We don’t celebrate Halloween at my school, but we DO like to have a little fun. There are so many cute monster books out there–so I like to do some “monster work” in the fall! I haven’t had any monster MATH until now! Check out these great ways to teach algebraic thinking and problem solving with a fun monster theme!
Monster Math with a Purpose
What was my goal? To get students thinking deeply about math and recognizing that they can use patterns, guess and check, and other strategies to help them understand! This is basic computation—but using the brain in an entirely different way than a fill-in-the-blank worksheet.
I came up with TWO different kinds of challenges:
- Multi-step, differentiated word problems that ask students to make sense of the problem and use a variety of strategies to solve them. Fast finishers? Have them do part 2! As you know, doing multi-step word problems can be a challenge, but they are also a key part of most sets of rigorous standards.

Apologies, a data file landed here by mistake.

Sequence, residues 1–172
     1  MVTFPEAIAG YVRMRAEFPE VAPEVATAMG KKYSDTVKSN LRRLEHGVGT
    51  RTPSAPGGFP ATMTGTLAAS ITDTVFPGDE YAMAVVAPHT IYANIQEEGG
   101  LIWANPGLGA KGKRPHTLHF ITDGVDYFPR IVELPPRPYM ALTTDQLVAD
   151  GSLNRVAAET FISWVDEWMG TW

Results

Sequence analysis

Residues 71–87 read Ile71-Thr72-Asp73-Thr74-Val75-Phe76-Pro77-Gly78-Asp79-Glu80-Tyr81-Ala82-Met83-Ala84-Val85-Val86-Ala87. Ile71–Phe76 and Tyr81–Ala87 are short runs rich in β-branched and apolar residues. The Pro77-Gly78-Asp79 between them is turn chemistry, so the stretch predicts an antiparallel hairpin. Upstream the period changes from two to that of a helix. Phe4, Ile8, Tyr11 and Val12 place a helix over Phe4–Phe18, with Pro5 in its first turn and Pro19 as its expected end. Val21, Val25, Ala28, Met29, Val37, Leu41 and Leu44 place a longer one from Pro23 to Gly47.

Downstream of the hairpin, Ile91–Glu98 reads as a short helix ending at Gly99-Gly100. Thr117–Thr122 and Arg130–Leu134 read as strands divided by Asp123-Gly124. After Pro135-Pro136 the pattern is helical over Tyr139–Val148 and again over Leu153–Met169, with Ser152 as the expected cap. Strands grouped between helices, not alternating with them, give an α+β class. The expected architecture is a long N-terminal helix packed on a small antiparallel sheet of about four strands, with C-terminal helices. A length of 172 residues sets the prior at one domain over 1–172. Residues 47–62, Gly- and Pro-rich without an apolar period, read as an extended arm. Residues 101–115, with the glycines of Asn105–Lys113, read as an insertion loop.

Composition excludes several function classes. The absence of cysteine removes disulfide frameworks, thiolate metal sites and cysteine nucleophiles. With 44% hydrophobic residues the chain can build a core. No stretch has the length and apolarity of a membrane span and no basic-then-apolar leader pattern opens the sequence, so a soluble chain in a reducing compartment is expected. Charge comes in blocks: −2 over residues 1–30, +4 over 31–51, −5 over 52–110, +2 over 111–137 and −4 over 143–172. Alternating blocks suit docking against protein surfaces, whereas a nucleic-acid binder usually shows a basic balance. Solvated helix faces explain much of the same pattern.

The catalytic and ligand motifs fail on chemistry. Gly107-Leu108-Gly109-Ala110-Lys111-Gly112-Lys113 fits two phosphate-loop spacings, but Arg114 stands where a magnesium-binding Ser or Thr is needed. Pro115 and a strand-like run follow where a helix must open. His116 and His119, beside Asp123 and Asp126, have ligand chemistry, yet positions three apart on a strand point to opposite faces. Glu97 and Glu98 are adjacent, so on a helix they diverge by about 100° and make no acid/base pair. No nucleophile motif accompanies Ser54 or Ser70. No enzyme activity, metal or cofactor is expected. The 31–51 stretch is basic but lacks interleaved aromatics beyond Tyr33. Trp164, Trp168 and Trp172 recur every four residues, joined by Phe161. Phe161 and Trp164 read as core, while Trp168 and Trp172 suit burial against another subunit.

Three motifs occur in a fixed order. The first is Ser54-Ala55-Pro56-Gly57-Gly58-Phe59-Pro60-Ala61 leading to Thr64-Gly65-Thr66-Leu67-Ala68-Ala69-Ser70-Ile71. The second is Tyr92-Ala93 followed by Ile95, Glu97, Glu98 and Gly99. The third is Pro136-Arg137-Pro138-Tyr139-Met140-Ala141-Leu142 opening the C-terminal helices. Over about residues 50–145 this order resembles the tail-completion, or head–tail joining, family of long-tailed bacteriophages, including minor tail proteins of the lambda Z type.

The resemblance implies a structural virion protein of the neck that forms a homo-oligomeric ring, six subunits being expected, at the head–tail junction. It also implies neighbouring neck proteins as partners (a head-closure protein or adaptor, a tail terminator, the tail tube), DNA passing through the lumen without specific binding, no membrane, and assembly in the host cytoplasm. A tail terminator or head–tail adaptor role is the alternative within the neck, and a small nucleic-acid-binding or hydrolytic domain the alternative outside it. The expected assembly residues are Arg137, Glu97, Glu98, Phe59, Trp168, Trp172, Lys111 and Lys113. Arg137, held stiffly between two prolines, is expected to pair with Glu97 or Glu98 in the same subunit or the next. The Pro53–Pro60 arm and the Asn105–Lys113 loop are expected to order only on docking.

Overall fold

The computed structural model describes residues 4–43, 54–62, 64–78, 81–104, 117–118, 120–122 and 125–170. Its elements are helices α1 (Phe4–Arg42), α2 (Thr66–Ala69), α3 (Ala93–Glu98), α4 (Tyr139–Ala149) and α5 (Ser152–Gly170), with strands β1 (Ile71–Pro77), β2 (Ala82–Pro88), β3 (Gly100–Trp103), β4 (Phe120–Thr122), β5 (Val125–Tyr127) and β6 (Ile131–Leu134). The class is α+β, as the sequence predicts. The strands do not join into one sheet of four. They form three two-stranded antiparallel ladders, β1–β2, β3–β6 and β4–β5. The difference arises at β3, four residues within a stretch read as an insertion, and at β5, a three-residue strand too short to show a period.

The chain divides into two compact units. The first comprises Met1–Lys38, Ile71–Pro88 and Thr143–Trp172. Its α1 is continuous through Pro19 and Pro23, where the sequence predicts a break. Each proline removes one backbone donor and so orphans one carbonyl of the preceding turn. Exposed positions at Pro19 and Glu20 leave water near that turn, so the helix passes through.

- “Balance cards” which are perfect to develop algebraic thinking! Students need to use the information given to keep the scale balanced while figuring out how much each type of monster weighs. This concept of “equal” is so important. Here is another blog post if you want to read more!
See the sample card to see more of what I mean! I thought you might be interested–whether you want them for some non-Halloween math or just for fun. Don’t you just think the monsters are too dang cute? As a bonus, the math is both rigorous and fun.
Because teachers are both in-person and virtual, I knew I wanted ultimate flexibility so I made these problems in four formats:
- Full-color cards that are perfect to project
- 4 per page color task cards for printing as task cards
- 4 per page black and white task cards for printing on colored paper or using in notebooks
- FULL DIGITAL SLIDE ACCESS!
Let students create their OWN Monster Math!
There are even blank templates so students can try making up their own problems—a totally different way to use their brains! It’s one thing to solve problems, but it’s entirely another thing to be able to write your own.
If you want to check these out, just click the cover image below!